Rhitu Chatterjee is a health correspondent with NPR, with a focus on mental health. In addition to writing about the latest developments in psychology and psychiatry, she reports on the prevalence of different mental illnesses and new developments in treatments.
Chatterjee explores the underlying causes of mental health disorders – the complex web of biological, socio-economic, and cultural factors that influence how mental health problems manifest themselves in different groups – and how our society deals with the mentally ill. She has a particular interest in mental health problems faced by the most vulnerable, especially pregnant women and children, as well as racial minorities and undocumented immigrants.
Chatterjee has reported on how chronic stress from racism has a devastating impact on pregnancy outcomes in black women. She has reported on the factors that put adolescents and youth on a path to school shootings, and what some schools are doing keep them off that path. She has covered the rising rates of methamphetamine and opioid use by pregnant women, and how some cities are helping these women stay off the drugs, have healthy pregnancies, and raise their babies on their own. She has also written about the widespread levels of loneliness and lack of social connection in America and its consequences of people's physical health.
Before starting at NPR's health desk in 2018, Chatterjee was an editor for NPR's The Salt, where she edited stories about food, culture, nutrition, and agriculture. In that role, she also produced a short online food video series called "Hot Pot: A Dish, A Memory," which featured dishes from a particular country as made by a person who grew up with the dish. The series was produced in collaboration with NPR's Goats & Soda blog.
Prior to that, Chatterjee reported on current affairs from New Delhi for PRI's The World, and covered science and health news for Science Magazine. Before that, she was based in Boston as a science correspondent with PRI's The World.
Throughout her career, Chatterjee has reported on everything from basic scientific discoveries to issues at the intersection of science, society, and culture. She has covered the legacy of the Bhopal gas tragedy in 1984, the world's largest industrial disaster. She has reported on a mysterious epidemic of chronic kidney disease in Sri Lanka and India. While in New Delhi, she also covered women's issues. Her reporting went beyond the breaking news headlines about sexual violence to document the underlying social pressures faced by Indian girls and women.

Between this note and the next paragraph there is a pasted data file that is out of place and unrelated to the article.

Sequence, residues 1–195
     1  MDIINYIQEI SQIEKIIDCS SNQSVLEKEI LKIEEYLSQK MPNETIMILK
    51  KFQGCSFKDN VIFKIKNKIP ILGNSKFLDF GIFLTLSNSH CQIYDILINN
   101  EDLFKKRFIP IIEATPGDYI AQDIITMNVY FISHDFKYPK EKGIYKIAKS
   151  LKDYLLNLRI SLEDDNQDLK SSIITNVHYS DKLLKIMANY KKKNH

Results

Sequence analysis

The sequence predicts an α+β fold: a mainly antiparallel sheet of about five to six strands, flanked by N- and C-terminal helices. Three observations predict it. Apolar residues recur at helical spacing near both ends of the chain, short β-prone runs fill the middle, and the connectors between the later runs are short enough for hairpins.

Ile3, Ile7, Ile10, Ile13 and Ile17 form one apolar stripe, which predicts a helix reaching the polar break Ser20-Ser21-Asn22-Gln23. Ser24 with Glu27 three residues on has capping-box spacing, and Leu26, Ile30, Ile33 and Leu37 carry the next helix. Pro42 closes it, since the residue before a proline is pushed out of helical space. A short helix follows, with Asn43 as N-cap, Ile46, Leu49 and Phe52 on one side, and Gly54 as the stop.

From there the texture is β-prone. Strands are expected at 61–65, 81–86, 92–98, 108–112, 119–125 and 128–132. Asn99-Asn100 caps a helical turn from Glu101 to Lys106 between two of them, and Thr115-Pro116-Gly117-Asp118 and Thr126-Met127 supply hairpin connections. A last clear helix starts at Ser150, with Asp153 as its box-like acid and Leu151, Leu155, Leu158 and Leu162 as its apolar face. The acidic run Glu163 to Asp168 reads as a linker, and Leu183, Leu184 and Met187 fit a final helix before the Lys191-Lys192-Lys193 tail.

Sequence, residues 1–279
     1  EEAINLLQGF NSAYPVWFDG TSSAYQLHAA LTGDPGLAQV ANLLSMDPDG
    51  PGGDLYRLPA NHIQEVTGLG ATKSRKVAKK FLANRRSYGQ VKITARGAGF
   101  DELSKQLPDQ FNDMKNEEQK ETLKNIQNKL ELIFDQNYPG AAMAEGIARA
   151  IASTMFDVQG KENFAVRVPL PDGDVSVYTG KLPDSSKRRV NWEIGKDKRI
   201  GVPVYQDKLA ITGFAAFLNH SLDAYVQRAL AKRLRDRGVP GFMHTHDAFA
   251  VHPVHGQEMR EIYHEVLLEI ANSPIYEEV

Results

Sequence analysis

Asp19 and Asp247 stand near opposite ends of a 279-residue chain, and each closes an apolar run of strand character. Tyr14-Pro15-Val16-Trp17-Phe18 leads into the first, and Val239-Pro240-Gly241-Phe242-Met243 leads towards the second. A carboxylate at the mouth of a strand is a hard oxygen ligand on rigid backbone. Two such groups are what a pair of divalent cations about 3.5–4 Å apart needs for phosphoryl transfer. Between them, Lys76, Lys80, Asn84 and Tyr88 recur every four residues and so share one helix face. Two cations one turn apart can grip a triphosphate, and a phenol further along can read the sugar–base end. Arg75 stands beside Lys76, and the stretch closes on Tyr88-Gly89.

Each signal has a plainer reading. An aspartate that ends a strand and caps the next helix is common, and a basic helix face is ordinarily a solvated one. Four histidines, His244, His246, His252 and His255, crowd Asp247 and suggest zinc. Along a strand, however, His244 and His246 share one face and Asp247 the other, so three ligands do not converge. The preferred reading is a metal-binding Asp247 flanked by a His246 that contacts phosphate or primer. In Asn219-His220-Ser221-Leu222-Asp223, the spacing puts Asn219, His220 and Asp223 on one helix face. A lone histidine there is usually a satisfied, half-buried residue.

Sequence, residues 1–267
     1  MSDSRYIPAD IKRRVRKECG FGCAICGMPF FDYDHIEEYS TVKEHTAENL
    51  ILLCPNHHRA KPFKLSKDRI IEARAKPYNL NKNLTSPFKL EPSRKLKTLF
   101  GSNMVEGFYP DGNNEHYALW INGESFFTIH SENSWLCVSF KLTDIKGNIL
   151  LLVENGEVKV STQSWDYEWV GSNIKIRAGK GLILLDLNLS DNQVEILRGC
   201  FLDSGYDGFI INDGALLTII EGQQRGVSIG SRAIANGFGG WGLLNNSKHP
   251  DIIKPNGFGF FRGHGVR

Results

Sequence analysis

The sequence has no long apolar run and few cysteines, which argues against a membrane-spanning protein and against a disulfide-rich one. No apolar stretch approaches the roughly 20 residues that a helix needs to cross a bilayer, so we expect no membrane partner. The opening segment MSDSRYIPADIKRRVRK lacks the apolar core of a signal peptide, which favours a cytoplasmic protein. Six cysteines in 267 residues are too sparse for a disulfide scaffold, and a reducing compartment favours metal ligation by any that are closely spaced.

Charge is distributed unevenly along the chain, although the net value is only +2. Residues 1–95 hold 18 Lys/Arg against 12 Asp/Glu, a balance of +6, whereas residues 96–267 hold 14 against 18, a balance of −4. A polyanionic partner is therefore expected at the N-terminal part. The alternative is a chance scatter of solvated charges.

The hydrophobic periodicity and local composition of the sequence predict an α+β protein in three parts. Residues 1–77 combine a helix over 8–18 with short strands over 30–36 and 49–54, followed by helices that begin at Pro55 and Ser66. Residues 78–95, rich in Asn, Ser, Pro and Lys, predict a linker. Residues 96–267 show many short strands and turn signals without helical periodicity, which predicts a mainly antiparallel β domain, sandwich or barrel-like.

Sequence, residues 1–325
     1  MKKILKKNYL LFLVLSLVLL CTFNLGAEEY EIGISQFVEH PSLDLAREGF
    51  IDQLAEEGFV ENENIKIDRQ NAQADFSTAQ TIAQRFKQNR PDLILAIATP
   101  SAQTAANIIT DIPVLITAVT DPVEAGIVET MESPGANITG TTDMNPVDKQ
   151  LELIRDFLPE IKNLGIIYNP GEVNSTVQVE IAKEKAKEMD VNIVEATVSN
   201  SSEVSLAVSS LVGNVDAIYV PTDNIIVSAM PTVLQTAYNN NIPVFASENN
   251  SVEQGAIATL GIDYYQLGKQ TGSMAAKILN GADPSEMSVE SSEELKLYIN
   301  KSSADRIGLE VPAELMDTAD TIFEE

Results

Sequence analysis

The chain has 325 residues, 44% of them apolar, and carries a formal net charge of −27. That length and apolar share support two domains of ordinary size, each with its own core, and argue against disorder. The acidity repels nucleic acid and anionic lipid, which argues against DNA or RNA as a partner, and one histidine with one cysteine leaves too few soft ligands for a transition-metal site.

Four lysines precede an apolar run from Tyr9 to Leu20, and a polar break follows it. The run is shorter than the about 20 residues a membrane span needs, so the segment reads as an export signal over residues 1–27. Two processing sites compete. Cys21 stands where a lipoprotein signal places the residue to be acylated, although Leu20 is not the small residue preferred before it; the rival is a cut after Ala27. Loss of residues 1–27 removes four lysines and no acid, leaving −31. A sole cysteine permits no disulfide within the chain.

She has won two reporting grants from the Pulitzer Center on Crisis Reporting and was awarded a certificate of merit by the Gabriel Awards in 2014.
Chatterjee has mentored student fellows by the Pulitzer Center on Crisis Reporting, as well as young journalists for the Society of Environmental Journalists' mentorship program. She has also taught science writing at the Santa Fe Science Writing Workshop.
She did her undergraduate work in Darjeeling, India. She has two master's degrees—a Master of Science in biotechnology from Visva-Bharati in India, and a Master of Arts in journalism from the University of Missouri.
Sure, you may resent how much of your energy gets sucked up by your job. But research finds that keeping up relationships with colleagues may have a big upside to your health and happiness.
The Pennsylvania Democrat checked himself into Walter Reed hospital on Wednesday night.
The days might seem long, but the years go by quickly, friends warned when my son was born. I wanted to savor each precious memory, but how? Living on "toddler time," showed me the way.
The 3-digit suicide and crisis lifeline – 988 – fielded nearly half a million more calls, texts and chats in its first 5 months than the old 10-digit Lifeline did during the same time in 2021.
The cases of accidental ingestion of cannabis candies and baked goods among small children increased 1,375% in five years, according to a study in the journal Pediatrics.
Mental health advocates say the numbers are encouraging, but there's more work to be done to build up state and local resources.
A new study finds numbers far higher than previously thought. India has the greatest number of kids affected. The U.S. has 250,000 kids in this category but lags behind in aid for bereaved families.
After the disruption and trauma of the pandemic, educators say kids still need added support this year. In some schools, they're making emotional wellness part of the curriculum.
Insured or not, one in five said they couldn't get treated for serious illness, while preventive and elective procedures were neglected. Disruptions in care hit Black and Native Americans the hardest.
After finding she had ten bereaved kids in her class, one Florida teacher created a teen grief group. It's a place where kids can support each other and feel they're not alone.